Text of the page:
Rural women are among Myanmar's most marginalised groups.  They are highly vulnerable to food insecurity and poverty.  Myanmar is also one of the countries in the region most vulnerable to climatic and other natural disasters (including floods, cyclones, earthquakes, landslides and tsunamis).  

Australia’s bilateral relationship with Myanmar started in 1952.  Australia’s development assistance program in Myanmar reflects its growing engagement with the Government of Myanmar (GOM).  Under the DFAT Aid Investment Plan 2015–2019, Australian aid supports Myanmar's reforms through investing in education and inclusive economic growth, particularly through helping it to work with business and to manage natural resources.

The Australian Government will provide an estimated $59.8 million in total ODA to Myanmar in 2016-17.



Myanmar’s new government has economic objectives that give paramount importance to agriculture.  They are committed to agriculture and want to improve rural productivity.  The major agricultural objectives  are to fulfil food security, increase foreign exchange through increased exports of agricultural products, and improve rural incomes.

ACIAR has developed a multidisciplinary program, in collaboration with the Department of Foreign Affairs and Trade (DFAT), and in consultation with Myanmar counterparts, donors and potential research providers.  This program supports the Myanmar Government’s goals on agricultural development and is consistent with Australia’s strategic objective on inclusive economic growth.  This long term country strategy should be finalised in 2017/18.  Research priorities are:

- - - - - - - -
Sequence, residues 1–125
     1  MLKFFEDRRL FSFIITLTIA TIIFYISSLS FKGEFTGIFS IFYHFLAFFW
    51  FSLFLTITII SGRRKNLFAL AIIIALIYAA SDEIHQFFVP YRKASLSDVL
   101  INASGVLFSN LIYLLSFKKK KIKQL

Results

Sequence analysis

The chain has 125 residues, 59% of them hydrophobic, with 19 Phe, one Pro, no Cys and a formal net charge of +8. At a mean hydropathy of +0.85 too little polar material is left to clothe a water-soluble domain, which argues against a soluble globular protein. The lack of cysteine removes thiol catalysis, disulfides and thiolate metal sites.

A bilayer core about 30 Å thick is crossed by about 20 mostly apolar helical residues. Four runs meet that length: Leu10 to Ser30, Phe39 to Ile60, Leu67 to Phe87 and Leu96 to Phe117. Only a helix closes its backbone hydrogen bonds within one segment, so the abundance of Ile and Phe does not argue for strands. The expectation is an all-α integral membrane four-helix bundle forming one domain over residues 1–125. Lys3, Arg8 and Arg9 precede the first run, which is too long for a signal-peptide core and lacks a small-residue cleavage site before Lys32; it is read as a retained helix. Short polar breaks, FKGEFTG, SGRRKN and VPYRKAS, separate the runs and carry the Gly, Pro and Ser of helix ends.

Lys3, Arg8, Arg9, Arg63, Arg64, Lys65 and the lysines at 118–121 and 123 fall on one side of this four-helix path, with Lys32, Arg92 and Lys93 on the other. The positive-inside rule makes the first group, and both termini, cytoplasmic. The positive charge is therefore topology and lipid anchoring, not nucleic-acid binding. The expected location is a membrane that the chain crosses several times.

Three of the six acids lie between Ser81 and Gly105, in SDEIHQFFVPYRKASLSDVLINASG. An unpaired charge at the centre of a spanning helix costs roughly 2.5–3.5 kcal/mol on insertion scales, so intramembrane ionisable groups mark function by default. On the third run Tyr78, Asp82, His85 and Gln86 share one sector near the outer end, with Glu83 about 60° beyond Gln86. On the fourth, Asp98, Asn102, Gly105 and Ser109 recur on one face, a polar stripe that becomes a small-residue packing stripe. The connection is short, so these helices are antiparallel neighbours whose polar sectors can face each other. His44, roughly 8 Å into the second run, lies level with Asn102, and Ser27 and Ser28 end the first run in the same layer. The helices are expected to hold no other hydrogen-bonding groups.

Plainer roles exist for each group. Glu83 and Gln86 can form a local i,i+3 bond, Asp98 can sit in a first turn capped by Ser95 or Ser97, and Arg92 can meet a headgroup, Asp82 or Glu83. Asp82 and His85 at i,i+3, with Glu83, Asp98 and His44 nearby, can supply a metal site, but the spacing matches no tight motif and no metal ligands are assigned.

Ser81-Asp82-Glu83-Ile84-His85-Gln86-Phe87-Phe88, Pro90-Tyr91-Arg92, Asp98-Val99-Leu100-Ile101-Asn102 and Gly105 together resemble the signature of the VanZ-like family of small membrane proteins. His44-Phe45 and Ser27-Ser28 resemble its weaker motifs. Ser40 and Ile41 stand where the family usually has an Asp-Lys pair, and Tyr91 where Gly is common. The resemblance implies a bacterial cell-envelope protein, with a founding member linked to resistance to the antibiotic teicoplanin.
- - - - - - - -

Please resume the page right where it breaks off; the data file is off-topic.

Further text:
• producing more food and increasing cash incomes of rural households in the Central Dry Zone and Ayeyarwady Delta through improving and adopting production and post-harvest technologies in agriculture, including livestock and fisheries;
  • building capacity for agriculture, livestock and fisheries research development and extension through program activities, and post-graduate and short-term training; and
  • providing technical assistance and advice to relevant GOM departments for policy strengthening.

The program aims to meet the immediate needs of Myanmar’s vulnerable people.  It will also build capacity for both people and institutions, as many of Myanmar’s agricultural scientists have been isolated from international co-operation over recent years.  ACIAR signed Memoranda of Understanding with the Ministry of Livestock and Fisheries in June 2013 and the Ministry of Agriculture and Irrigation in November 2013 to implement the program.

Future research priorities will be:

  • develop a sustainable pro-poor beef industry and policy
  • produce grain legumes, including breeding and mechanised harvesting of mungbean
  • diversify and intensify rice-based cropping systems to increase overall productivity and farm income
  • land evaluation and resource management will improve planning and management for productive and resilient landscapes
  • develop smallholder and community aquaculture, and better manage the Ayeyarwady River and Delta fisheries
  • smallholder livestock-based cattle enterprises in the central dry zone
  • help farmers in the central dry zone and Ayeyarwady Delta regions to adopt promising technologies, by providing institutional capacity and extension services.